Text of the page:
programming professionals. It is performed by amateurs whose
competency has never been formally tested. Plumbers, beauticians and
truck drivers are subjected to tougher certification standards than
those who deliver most business applications. It is office workers who
write applications for data management, financial analysis and
These amateur programmers are self-taught refugees from careers like
accounting, chemistry or jazz. They work on unreasonably short
deadlines. They have at their disposal mediocre testing and
integration tools. They report to ill-informed corporate bureaucrats
who believe the advertising claims that writing significant
applications is as easy as using a spreadsheet.
The year 2000 bug is only one example of the short-sightedness of what
some claim to be a professional occupation. A typical programmer makes
hundreds of such myopic decisions. They just follow management's
wishes for speedy completion and minimal expense. The only reason why
the year 2000 bug has attracted so much attention is because it is
ubiquitous and has a definite deadline when its effects will become
universally observable. There are millions of other bugs just as
negligent but they pop up randomly, one location at a time, most
likely costing more than the $300 billion for the threatened collapse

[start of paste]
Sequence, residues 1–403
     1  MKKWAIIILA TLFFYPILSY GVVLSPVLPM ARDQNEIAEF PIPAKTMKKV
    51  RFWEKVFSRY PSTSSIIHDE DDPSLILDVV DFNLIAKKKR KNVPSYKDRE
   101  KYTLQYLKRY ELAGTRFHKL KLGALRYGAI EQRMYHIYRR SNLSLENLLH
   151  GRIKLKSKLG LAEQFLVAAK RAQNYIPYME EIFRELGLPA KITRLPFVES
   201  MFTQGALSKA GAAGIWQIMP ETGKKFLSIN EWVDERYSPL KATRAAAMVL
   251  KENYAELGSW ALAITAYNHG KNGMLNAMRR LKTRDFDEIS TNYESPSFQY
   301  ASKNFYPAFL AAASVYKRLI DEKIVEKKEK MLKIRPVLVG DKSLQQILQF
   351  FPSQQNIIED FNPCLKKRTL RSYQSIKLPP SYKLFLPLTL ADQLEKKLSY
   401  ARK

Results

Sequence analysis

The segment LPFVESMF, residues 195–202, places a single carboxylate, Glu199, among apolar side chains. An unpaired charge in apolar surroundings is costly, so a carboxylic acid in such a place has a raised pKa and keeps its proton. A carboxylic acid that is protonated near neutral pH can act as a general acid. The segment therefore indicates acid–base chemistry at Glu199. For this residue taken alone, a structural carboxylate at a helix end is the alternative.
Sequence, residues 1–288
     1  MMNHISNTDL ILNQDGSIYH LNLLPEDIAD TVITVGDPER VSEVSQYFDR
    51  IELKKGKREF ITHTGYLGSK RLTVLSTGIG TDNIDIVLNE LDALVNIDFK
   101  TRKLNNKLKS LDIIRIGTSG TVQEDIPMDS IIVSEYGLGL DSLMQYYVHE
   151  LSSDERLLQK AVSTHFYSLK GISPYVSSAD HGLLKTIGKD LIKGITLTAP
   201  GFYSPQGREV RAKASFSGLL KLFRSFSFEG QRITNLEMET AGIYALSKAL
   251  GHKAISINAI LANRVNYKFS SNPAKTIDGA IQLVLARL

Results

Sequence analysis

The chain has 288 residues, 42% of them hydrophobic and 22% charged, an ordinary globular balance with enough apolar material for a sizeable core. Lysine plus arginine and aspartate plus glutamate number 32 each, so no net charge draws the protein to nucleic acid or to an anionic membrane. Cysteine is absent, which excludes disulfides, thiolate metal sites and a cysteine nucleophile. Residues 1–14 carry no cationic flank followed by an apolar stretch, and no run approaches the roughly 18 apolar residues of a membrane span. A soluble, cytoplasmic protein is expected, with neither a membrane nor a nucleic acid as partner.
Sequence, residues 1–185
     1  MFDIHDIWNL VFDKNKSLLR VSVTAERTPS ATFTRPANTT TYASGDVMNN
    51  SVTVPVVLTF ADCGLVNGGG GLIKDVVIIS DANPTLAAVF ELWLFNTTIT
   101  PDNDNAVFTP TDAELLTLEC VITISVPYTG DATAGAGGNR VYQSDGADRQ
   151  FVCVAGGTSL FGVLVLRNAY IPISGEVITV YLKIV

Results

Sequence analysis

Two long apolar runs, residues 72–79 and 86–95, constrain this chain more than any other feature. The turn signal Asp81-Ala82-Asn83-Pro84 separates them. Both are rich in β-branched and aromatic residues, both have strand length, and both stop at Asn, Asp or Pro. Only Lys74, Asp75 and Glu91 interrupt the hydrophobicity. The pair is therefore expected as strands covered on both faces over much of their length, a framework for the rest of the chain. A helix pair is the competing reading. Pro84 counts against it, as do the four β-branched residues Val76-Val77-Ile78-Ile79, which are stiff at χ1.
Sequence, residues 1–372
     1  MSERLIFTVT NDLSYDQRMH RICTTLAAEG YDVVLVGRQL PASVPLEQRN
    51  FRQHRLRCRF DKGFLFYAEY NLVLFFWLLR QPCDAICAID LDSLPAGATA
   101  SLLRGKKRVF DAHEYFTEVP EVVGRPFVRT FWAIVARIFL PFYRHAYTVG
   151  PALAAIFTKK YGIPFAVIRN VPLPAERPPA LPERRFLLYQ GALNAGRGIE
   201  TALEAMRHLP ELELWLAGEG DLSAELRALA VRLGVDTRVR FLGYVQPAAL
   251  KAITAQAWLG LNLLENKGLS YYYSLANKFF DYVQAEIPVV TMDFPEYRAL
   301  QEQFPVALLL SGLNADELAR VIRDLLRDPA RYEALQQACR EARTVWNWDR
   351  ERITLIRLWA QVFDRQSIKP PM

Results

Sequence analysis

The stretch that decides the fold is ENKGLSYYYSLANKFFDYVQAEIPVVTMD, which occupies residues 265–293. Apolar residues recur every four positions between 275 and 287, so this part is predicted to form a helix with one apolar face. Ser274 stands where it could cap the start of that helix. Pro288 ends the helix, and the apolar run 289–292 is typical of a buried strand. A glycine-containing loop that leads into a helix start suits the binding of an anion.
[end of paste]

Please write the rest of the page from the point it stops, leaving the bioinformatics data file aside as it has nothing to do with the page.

in 37 months.
Tolerance of pain
IS managers are willing to accept frequent systems crashes from
software incompatibilities as a natural phenomenon. It's all a matter
of conditioning. Businesspeople expect to get a dial tone from their
phone 99.99% of the time. Most users of personal computers consider
themselves lucky if their desired applications stay up for a week
without some mishap. Conditioning to pain can make people tolerant to
pain, even if they don't like it.
Prospects for recognizing total costs
Though erosion in compatibility, creeping featurism, unqualified
programmers and vendor incentives result in conditions that are
wasteful and onerous, all of that must be corrected in due course.
Competent management will accept damage to its business only if the
effects are either insignificant, or if a remedy is unavailable. I'm
confident that the current state of the software business will not be
allowed to continue. The costs are not insignificant and in many cases
represent a considerably greater percentage of corporate profits than
With regard to the remedies, I expect that sooner or later some vendor
who seeks to gain an inordinate competitive advantage will start selling
computer technologies that recognize the total costs of the customer's
ownership instead of just the purchase price of what they sell.
Icarus' wings were said to be held together only with wax that ultimately
melted. Yet, progress overcame even this improbable feat. The history of
technology and competition proves us that quality, reliability and ease of
use will always prevail.
In software's case, that's likely to happen soon. There are just too many
businesses than can't keep up with wasting money on shoddy programming
Copyright 1996 by IDG Communications, Inc.,
500 Old Connecticut Path, Framingham, MA 01701.
Reprinted by permission of Computerworld